BUT regarding you question about the bridge and from there to St Charles it was fine.  There is also a ferry across north-west of Alton but it wasn’t open when I crossed so took the Alton Bridge. 

Offline RussSeaton

Re: Lewis & Clark Trail: What is it like?
« Reply #2 on: November 08, 2017, 03:11:14 pm »
I am pretty sure the Lewis & Clark trail follows the Missouri River from St. Louis out to Montana and the Rocky Mountains.  Then catches another river on the west side of the Rockies to get out to Oregon.  So I don't really follow your starting in Illinois and heading north comments.  I suppose technically that is the official route written in stone or something.  But believe it or not, no one gives you a medal or award for following every inch of the official maps.  Everyone is free and clear to ride whichever roads they want.  So you are free to start your ride at the beginning of the Katy trail in that town outside of St. Louis.  And if you want to ride in St. Louis, then you can drive over another weekend after the ride and go see the arch.  No one will chase you down and beat you and whip you because you did not follow the legal and official map.  And in case you did not know it, during the ride you are free to ride on a road that is not officially on the route and go see some other sites or towns.  Trump has not quite gotten around to making it illegal for people to ride off the route.  I am sure he is looking into sending these miscreants off to Guantanamo Bay, but he has not done it yet.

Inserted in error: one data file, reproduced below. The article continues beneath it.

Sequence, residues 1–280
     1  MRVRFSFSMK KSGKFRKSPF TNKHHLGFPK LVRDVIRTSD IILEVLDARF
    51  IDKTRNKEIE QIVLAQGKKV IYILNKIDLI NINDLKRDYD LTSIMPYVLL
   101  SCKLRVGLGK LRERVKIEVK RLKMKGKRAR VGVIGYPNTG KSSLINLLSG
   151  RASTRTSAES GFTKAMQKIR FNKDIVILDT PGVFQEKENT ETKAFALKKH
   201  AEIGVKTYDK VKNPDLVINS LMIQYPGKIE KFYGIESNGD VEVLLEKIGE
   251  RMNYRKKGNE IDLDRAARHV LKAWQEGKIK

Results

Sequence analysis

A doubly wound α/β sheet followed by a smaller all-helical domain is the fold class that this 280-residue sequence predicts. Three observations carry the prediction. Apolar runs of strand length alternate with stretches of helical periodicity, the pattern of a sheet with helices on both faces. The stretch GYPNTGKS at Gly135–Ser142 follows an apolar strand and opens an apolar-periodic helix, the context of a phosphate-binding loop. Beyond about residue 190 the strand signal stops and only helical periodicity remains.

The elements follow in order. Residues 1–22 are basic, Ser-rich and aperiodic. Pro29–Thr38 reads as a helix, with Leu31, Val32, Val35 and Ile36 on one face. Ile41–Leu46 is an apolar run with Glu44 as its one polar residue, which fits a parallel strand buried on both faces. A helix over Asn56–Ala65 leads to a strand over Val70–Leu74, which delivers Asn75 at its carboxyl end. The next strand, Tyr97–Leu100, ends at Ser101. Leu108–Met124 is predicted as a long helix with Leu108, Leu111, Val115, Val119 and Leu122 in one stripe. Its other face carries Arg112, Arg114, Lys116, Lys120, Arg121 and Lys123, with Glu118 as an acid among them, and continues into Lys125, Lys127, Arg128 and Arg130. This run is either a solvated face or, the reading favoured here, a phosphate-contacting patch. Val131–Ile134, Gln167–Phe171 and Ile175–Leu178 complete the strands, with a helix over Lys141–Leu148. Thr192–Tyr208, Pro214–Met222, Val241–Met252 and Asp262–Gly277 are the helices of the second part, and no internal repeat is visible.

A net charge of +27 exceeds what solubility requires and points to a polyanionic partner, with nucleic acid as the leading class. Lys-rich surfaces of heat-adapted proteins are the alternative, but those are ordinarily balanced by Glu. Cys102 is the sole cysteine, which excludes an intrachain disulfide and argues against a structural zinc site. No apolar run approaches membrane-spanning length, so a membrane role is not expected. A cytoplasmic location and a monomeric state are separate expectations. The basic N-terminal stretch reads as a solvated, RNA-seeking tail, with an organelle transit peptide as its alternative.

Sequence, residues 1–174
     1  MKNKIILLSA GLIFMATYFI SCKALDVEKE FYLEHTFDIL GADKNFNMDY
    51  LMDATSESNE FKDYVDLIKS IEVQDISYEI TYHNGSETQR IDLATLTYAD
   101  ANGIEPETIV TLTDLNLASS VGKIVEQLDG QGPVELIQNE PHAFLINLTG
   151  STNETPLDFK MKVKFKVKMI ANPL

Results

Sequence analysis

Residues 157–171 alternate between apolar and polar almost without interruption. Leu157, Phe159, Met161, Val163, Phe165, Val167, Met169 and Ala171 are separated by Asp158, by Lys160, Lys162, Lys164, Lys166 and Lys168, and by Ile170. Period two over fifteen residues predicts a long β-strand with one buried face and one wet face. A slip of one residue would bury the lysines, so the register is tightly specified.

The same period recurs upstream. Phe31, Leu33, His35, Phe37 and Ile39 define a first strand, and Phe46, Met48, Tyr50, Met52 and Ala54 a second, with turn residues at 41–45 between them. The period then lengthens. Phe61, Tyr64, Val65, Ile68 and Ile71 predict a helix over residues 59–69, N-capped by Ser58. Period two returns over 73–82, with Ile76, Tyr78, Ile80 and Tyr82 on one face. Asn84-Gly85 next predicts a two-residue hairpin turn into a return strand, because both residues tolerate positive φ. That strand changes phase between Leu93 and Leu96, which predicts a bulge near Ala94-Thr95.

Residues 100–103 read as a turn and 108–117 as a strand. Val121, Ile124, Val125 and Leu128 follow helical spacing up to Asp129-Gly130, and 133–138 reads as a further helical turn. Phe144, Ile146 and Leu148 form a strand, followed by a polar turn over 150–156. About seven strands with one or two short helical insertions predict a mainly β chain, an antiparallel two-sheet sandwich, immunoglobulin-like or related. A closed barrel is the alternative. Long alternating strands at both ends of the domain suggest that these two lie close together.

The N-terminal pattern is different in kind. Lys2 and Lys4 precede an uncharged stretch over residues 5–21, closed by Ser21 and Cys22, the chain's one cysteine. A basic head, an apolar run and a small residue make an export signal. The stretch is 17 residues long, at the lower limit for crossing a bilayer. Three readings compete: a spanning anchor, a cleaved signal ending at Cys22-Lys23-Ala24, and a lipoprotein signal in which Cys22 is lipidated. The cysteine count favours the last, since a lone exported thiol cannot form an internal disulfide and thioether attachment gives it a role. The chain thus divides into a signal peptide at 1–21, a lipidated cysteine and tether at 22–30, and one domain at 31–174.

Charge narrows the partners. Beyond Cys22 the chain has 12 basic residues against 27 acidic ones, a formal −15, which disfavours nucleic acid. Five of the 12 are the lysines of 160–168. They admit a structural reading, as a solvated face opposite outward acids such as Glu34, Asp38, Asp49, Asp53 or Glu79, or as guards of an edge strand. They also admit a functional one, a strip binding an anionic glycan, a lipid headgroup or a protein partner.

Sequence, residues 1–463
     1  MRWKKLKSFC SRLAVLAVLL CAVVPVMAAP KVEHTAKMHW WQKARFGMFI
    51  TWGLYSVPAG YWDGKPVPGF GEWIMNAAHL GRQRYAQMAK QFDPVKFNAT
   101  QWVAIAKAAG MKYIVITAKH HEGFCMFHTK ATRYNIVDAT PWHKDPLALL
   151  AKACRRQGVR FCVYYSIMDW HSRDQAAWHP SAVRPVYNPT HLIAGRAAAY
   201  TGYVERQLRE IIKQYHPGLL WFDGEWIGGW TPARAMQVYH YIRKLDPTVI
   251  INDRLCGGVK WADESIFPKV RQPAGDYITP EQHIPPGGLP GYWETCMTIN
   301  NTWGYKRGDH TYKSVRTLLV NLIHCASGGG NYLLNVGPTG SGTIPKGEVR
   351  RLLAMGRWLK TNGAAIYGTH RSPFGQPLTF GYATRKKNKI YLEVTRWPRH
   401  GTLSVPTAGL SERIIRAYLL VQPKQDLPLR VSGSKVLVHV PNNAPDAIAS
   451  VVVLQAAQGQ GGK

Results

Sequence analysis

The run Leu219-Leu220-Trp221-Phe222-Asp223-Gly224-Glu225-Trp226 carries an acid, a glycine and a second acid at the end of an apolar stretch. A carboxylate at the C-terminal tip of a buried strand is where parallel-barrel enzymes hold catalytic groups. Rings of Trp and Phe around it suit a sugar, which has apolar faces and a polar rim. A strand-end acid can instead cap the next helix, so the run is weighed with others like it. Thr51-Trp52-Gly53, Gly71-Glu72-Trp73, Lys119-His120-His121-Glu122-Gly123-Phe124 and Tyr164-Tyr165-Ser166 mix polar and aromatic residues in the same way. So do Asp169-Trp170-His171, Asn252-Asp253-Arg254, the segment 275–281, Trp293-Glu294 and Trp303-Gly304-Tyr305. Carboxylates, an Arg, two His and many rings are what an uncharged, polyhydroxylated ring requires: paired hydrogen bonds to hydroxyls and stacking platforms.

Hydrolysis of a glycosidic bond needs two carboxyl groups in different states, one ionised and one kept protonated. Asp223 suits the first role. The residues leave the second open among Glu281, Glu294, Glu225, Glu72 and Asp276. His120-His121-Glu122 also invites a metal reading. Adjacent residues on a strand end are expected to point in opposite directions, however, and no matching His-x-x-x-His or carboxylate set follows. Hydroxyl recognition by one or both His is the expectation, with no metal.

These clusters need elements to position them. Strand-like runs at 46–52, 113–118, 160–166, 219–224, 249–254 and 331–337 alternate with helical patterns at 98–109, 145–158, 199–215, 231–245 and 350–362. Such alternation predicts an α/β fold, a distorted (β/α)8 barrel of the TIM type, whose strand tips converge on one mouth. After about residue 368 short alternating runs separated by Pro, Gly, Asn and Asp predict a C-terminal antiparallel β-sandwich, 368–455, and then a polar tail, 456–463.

Personally, since you live in Columbia, MO, I'd suggest you just start from your front door and ride west on the Katy trail and follow the Missouri River and the route.  You can ride east to St. Louis on the Katy another year.  Make it a fun week long ride and meet your wife in St. Louis.  No one gives an F---ing Da-- if you ride the whole entire route in one go or not.  You can ride parts here and there until you finish it all.  Or not finish it all.  No one cares.

Offline Kitsap_Bill

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  • Many tours, some ACA, most not.
Re: Lewis & Clark Trail: What is it like?
« Reply #3 on: November 08, 2017, 04:16:39 pm »